2019 preview: Here are 8 stories to follow in Round Rock, Pflugerville and Hutto this year

Downtown Round Rock will see many changes in 2019.

Downtown Round Rock will see many changes in 2019.




  1. Cities move forward developing downtown areas


As the cities of Round Rock, Pflugerville and Hutto continue to evolve, residents can expect to see changes in their respective downtown areas in the upcoming year.

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2. Pflugerville primed to gain more hotels
A total of five hotels are under separate phases of development along the SH 130 corridor in Pflugerville.

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3. Round Rock expands and extends roadways
Over the past two years the city of Round Rock and Williamson County have bolstered their respective arterial road plans to accommodate the current and future growth of the region.

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4. Manufacturers relocate to Hutto
Hutto had a busy year recruiting and landing manufacturers to relocate to the city. Two separate manufacturers from California, JRS Co. Inc. and AEND Industries Inc., both announced they will relocate their headquarters to Hutto. Paradigm Metals, a local technology manufacturer, is relocating its operations to Innovation Business Park in Hutto.

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5. Nutty Brown Cafe & Amphitheatre plans relocation to Round Rock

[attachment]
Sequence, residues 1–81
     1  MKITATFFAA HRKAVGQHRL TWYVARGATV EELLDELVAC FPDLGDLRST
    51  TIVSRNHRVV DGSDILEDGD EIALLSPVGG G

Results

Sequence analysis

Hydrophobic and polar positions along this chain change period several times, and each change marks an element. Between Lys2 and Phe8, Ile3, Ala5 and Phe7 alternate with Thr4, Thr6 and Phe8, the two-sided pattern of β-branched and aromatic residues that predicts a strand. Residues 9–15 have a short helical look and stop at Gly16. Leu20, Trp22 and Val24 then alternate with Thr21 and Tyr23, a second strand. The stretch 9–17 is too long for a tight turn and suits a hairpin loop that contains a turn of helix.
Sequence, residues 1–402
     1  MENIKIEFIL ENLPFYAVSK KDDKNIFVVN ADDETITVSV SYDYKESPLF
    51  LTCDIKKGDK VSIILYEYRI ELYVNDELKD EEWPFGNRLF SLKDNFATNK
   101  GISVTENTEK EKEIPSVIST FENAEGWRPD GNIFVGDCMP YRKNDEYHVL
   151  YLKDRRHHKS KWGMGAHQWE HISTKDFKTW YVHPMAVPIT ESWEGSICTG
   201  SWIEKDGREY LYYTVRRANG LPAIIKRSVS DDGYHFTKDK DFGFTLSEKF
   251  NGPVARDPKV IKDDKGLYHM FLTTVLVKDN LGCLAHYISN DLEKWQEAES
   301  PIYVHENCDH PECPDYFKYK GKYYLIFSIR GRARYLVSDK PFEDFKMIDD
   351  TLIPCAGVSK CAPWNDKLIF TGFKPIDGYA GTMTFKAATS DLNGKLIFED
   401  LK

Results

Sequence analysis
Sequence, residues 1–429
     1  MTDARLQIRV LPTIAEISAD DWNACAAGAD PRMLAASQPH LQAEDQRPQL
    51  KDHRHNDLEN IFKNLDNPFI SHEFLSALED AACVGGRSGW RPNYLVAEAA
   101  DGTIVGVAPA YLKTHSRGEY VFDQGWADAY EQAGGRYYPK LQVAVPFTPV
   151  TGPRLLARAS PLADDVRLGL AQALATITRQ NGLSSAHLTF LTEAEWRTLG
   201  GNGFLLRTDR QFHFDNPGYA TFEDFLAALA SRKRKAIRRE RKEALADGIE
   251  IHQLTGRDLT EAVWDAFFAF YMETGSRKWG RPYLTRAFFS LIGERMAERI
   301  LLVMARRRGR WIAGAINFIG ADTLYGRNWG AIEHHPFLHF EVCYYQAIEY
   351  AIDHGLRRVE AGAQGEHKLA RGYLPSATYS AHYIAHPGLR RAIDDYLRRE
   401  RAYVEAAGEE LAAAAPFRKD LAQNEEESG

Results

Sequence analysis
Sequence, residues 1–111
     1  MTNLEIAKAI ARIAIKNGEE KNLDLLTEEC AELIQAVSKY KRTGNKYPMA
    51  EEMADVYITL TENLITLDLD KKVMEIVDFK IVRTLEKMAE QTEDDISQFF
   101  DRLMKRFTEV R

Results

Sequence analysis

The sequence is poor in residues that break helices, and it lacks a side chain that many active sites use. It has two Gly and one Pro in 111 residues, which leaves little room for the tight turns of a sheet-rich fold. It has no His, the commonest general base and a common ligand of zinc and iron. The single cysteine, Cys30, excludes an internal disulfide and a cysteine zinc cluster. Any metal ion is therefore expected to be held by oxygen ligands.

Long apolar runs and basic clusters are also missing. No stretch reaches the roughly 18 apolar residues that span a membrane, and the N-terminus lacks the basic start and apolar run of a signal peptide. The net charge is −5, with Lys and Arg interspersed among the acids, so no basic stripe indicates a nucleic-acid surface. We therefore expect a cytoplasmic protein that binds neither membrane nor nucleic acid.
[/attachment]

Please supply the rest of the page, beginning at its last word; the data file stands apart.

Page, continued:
In 2014, Mike Farr, owner of Nutty Brown Cafe & Amphitheatre, decided to relocate the venue from Southwest Austin to McNeil Park, located off I-35 in Round Rock.

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6. Commercial spaces take off in Pflugerville
Two of Pflugerville’s largest-ever commercial projects, Costco and Living Spaces, opened in 2018. The two will contribute to Pflugerville’s growing sales tax base, which has so far experienced a year-over-year 6.2 percent climb from 2017-18.

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7. Austin FC stadium to begin work in 2019
Precourt Sports Ventures announced Dec. 19 it finalized an agreement with the city of Austin to build an MLS stadium at McKalla Place in North Austin.

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8. Texas Legislature talks property taxes
More than a year after the enactment of Senate Bill 6, which restricts how cities can annex portions of their extraterritorial jurisdictions, local cities are ironing out how to manage their growth. SB 6, combined with proposed property tax caps and Texas Supreme Court decisions, has the Texas Municipal League—a lobbying group of which Round Rock, Pflugerville and Hutto are all members—concerned about the expansion of state legislation over municipal control.

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